Organic apple cider vinegar on the other hand smells very putrid, almost a bad body odor smell. The smell lingers around even after it dries. It also didn’t leave my face looking as nice when applied (more of an oily look). I used this organic stuff for about a week (got more zits with it) and then went back to regular acv.

I use it as an astringent twice daily…and I haven’t had any problems. Granted, it’s not a cure-all, but it hasn’t made my skin any worse.

Will Apple Cider Vinegar Acne Treatments Really Improve Your Skin?

Excellent question! Based on the above feedback from the acne.org forum users, it is clear that the results are mixed when it comes to using apple cider vinegar acne treatments topically on the skin. Some users had a great experience, while others didn’t see any real improvement.

What I’d like to point out is that while there is some merit in using a topical apple cider vinegar acne treatment, it is not a long-term solution that can truly attack acne at its root. Yes, this is a natural ingredient that can remove some surface bacteria on the skin, but bacteria on the skin are not the sole cause of acne.

Acne is completely based upon poor dietary habits, such as eating processed foods that are high in unhealthy fats and excess sugar. The majority of us in the US have definitely been guilty of these poor dietary habits that lead to an excess accumulation of toxins in the body, causing hormonal imbalances and bacterial overgrowth on the skin.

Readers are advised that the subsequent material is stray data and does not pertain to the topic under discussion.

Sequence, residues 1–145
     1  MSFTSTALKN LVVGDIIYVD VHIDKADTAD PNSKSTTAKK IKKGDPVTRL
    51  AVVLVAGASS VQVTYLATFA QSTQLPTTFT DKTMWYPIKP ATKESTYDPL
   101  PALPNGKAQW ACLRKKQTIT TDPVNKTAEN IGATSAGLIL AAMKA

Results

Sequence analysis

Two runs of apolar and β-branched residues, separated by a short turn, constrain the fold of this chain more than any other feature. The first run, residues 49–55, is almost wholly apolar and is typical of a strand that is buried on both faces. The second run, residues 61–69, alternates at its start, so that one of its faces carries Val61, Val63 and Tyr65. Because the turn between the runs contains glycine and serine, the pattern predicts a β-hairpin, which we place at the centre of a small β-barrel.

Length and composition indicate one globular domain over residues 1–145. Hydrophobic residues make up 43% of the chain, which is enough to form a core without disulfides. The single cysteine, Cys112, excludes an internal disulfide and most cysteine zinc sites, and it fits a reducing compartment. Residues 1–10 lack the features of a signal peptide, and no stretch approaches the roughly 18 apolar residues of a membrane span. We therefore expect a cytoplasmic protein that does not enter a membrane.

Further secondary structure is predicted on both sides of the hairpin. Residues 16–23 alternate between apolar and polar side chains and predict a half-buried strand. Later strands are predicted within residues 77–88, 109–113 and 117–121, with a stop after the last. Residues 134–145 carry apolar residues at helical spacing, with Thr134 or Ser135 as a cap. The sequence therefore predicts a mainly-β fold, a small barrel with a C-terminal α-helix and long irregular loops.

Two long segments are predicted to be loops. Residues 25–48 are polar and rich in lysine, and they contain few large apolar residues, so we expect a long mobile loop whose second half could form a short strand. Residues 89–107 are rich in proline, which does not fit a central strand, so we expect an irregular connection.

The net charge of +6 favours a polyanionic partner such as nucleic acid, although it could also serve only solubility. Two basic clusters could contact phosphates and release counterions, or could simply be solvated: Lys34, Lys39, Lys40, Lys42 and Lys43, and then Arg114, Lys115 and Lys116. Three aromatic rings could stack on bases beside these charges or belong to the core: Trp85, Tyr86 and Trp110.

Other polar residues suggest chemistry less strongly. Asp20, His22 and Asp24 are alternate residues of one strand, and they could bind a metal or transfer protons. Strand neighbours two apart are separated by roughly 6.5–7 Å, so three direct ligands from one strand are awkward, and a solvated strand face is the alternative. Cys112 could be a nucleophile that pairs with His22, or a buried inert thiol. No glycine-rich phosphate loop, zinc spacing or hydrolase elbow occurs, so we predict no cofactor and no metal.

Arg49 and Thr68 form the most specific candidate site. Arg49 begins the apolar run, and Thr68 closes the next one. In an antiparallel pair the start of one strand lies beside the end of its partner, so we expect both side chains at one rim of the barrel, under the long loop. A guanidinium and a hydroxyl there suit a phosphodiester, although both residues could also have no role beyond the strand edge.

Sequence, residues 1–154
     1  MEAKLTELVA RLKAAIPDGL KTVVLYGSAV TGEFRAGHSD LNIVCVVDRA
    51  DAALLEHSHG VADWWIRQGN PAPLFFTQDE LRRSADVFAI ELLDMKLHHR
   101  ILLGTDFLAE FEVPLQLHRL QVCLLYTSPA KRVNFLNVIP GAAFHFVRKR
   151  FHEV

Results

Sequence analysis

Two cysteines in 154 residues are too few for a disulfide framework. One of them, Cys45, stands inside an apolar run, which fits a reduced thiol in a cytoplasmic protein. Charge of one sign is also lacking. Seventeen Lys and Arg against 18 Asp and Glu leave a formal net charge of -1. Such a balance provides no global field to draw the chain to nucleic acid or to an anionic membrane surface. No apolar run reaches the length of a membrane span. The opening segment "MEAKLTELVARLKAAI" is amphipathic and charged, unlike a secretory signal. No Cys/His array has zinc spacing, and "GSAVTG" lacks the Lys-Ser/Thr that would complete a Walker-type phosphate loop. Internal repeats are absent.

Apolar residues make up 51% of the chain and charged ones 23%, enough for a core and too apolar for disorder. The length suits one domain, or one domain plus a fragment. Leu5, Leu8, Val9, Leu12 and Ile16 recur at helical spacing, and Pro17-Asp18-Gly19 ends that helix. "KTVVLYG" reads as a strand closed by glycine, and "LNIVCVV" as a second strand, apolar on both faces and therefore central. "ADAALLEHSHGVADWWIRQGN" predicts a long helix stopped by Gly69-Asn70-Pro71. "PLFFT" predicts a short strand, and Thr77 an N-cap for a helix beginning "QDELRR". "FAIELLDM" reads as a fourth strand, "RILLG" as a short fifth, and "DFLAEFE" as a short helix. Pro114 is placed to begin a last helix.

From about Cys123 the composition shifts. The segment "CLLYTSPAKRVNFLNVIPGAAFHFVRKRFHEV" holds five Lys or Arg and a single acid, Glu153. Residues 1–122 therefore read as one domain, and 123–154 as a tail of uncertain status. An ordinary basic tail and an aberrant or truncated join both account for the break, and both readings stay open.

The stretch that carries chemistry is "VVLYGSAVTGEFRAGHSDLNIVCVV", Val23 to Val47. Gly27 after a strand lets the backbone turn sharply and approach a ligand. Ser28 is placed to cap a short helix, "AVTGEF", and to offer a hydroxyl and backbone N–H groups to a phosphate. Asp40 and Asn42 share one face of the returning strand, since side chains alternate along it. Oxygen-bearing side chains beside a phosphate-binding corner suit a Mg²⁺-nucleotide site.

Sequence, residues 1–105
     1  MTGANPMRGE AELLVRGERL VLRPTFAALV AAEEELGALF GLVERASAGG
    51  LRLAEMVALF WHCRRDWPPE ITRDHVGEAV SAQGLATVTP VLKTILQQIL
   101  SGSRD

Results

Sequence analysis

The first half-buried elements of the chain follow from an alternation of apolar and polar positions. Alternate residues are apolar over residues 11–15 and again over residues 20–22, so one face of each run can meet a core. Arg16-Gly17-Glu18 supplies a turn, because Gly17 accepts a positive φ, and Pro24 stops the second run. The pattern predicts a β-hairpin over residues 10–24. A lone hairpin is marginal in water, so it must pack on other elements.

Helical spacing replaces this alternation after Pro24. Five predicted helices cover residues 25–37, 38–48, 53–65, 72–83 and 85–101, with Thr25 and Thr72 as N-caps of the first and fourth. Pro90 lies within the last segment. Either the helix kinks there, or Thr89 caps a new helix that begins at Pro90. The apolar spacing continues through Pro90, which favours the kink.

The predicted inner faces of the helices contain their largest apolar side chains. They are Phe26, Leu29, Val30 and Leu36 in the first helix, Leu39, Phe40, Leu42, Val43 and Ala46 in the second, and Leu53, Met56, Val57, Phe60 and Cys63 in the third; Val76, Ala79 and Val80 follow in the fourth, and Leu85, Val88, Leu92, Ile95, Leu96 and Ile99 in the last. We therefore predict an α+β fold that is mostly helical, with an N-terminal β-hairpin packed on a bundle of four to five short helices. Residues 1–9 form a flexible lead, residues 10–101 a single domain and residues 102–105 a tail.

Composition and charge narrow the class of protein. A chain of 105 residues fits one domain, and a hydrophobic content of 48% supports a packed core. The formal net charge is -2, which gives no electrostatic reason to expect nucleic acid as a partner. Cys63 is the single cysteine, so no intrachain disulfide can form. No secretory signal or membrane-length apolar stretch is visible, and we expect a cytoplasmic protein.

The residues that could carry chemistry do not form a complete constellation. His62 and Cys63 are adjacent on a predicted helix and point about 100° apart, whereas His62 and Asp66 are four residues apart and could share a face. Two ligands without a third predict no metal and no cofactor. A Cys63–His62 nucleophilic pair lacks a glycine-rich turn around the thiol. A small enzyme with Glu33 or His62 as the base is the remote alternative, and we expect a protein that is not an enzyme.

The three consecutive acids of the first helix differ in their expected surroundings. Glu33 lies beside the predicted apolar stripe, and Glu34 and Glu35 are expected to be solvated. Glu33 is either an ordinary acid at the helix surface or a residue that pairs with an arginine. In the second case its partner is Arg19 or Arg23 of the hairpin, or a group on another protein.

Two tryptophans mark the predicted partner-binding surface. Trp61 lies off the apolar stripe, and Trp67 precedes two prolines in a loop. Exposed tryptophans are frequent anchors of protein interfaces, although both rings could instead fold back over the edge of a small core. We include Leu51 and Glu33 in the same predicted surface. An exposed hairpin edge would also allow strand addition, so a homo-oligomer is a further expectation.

Instead of turning to a natural home remedy like an apple cider vinegar acne treatment, you can actually attack acne at its source by making much-needed dietary improvements. Although there is no harm in using a natural ingredient to remove bacteria from your skin, the bacteria will continue to grow back again and again if you don’t change your diet, leaving you dependent on apple cider vinegar for the long-term to keep your skin clear.

I would love to present to you a much more logical conclusion when it comes to treating your acne. Why not clean up your diet and clear up your skin by preventing bacteria growth in the first place? In all of my years working as an aesthetician, this is the only legitimate and long-term cure for acne that I have seen through eliminating harmful processed foods in your diet that trigger chronic acne in your skin.

Sources:

  1. Apple Cider Vinegar Health Benefits.“ Home Remedies Web – Free Home Remedies, Herbal Remedies, and Natural Cures for Common Illnesses! Web. 17 Jan. 2011. <http://www.homeremediesweb.com/apple_cider_vinegar_health_benefits.php>.